Written by: Qi Xiaoquan
Translated by: Shen Xiao
Wang Guangfu research group of the Life Science Centre has made important progress in regulating synaptic plasticity through Ras and Rap signaling pathways. The paper "Ras and Rap Signal Bidirectional Synaptic Plasticity via Distinct Subcellular Microdomains" was published in the well-known neuroscience journal Neuron (Neuron, impact factor 14.318). Researcher Wang Guangfu is the co-author of this paper.
Synapse is the place where neurons form connections, and synaptic plasticity is the ability to enhance and weaken synaptic connections. Synaptic plasticity has different forms in learning and memory, including long-term potentiation, depotentiation and long-term depression. Previous studies have confirmed that Ras family small GTP enzymes (i.e. Ras, Rap2 and Rap1) can act as molecular switches in multiple signal transduction cascades to control these different forms of synaptic plasticity respectively. However, Ras and Rap proteins are highly homologous in sequence and structure, and can be activated by the same upstream signal or the same downstream effector. Therefore, the problem of how signal molecules achieve signal diversity and specificity, which has long existed in cell biology, has been raised again.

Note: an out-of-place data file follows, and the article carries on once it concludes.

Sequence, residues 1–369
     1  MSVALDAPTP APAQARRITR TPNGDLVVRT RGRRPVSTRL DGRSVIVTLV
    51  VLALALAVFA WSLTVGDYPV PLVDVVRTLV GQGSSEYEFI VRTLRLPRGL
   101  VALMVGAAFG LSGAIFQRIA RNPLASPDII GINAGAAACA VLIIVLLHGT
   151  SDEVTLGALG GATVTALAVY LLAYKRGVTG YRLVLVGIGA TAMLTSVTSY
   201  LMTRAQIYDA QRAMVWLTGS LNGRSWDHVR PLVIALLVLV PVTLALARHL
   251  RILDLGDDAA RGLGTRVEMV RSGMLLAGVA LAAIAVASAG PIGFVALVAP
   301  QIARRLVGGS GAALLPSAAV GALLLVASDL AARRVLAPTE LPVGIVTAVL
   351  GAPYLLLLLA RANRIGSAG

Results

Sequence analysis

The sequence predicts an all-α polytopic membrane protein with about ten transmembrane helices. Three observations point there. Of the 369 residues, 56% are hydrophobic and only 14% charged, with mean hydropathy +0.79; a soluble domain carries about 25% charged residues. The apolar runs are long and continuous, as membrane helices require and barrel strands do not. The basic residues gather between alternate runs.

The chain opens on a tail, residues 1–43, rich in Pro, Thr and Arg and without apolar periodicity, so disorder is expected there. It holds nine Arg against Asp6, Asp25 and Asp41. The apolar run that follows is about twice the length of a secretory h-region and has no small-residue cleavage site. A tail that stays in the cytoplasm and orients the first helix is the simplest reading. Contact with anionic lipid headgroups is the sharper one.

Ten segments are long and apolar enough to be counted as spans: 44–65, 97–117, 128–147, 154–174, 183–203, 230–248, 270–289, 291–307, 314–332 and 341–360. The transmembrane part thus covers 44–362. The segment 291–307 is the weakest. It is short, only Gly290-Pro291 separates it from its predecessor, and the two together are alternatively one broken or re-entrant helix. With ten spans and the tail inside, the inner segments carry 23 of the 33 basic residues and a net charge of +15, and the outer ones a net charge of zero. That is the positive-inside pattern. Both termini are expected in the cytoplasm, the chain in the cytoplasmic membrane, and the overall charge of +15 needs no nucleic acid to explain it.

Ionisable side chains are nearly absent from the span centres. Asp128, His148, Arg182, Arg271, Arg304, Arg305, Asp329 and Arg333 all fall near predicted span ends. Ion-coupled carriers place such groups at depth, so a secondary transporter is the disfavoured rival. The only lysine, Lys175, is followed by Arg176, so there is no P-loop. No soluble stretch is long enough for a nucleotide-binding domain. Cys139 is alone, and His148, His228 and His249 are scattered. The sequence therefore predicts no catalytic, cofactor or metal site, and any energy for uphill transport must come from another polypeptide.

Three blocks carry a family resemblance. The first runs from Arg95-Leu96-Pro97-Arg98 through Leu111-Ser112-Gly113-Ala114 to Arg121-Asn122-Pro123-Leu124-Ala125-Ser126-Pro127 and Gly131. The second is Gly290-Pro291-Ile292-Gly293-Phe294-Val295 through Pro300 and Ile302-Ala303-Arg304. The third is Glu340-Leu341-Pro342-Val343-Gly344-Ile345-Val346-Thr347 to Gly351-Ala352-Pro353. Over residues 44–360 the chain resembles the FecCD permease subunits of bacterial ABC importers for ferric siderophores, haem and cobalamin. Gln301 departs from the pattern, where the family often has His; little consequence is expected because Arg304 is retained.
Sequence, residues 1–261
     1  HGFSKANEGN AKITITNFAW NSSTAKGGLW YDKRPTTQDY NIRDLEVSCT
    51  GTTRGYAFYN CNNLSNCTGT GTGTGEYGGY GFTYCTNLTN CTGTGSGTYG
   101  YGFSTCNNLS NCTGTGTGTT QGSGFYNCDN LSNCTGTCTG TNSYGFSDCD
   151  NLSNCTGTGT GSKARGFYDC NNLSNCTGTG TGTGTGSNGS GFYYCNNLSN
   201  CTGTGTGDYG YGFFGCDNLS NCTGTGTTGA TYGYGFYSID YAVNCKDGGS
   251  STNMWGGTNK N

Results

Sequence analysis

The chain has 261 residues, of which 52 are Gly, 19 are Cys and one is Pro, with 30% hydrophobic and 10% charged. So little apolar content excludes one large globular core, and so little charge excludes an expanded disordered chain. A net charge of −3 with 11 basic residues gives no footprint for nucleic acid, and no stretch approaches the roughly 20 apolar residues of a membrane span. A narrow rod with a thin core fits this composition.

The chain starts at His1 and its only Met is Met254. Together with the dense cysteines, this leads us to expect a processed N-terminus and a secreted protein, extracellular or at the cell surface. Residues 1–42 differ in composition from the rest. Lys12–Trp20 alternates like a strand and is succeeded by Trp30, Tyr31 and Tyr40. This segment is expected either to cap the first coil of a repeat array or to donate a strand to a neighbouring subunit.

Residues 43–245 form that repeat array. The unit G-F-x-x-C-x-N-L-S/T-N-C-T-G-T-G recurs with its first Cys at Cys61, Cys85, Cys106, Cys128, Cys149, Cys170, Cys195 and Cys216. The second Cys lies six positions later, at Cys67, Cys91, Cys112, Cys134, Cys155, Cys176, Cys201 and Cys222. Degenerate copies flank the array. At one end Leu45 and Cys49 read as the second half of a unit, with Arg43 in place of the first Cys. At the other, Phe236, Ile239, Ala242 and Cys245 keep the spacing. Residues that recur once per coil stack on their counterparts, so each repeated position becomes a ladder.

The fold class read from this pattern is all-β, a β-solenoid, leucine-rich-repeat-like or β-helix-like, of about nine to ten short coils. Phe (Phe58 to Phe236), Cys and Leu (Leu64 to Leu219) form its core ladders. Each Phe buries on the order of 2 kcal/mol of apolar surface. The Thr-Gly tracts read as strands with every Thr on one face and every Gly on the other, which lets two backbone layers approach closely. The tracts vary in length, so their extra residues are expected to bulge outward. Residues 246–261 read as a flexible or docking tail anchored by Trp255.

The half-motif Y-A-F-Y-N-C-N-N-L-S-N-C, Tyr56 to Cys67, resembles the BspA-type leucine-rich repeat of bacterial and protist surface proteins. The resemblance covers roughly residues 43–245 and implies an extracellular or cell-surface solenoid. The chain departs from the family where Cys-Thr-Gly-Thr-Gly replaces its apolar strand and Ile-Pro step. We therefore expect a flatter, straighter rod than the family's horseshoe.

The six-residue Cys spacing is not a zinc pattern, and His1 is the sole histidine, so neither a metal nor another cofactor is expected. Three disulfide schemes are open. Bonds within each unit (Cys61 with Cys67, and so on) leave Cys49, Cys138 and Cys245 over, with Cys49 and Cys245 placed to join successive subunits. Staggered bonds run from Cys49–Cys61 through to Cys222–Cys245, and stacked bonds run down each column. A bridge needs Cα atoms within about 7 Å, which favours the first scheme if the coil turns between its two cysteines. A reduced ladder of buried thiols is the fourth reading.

Ras or Rap proteins were specifically expressed in the endoplasmic reticulum, lipid rafts, main membranes, lysosomes or Golgi apparatus by targeting delivery methods. Then, using high-resolution patch clamp recording, Wang Guangfu and colleagues found that Ras activated the long term potentiation signal pathway via endoplasmic reticulum and lipid rafts, while Rap2 and Rap1 activated the depotentiation and long term depression signal pathway through the main membrane and lysosome, respectively. This study not only reveals the diversity and specificity of signal molecules through different signal transduction platforms in different subcellular structures, but also provides an accurate regulatory tool and an effective research strategy to promote the development of precise targeted drugs to treat various diseases.
Researcher Wang Guangfu has long been engaged in the field of neural circuits and synaptic plasticity, and has focused on the development and application of biological photonics. In addition to this paper, his research on acetylcholine fluorescence probes was published recently in the journal Natural Biotechnology, (Nature Biotechnology, impact factor 35.724). Acetylcholine is an important neurotransmitter associated with learning and memory, Alzheimer's disease and so on. It is expected that the publication of the paper will promote a deeper understanding of acetylcholine.
Wang Guangfu, a researcher who received a doctorate from Peking University in 2008 and a postdoctoral study at the University of Virginia in the United States from 2008 to 2017, joined the Life Science Centre of HIT full-time in December 2017. He focuses on the study of cortical neuronal circuits and synaptic plasticity related to neuropathy. The reserch results are published in top international journals such as Genes & development, Nature Neuroscience, Nature Protocols, Neuron, Cerebral Cortex, and The Journal of Neuroscience.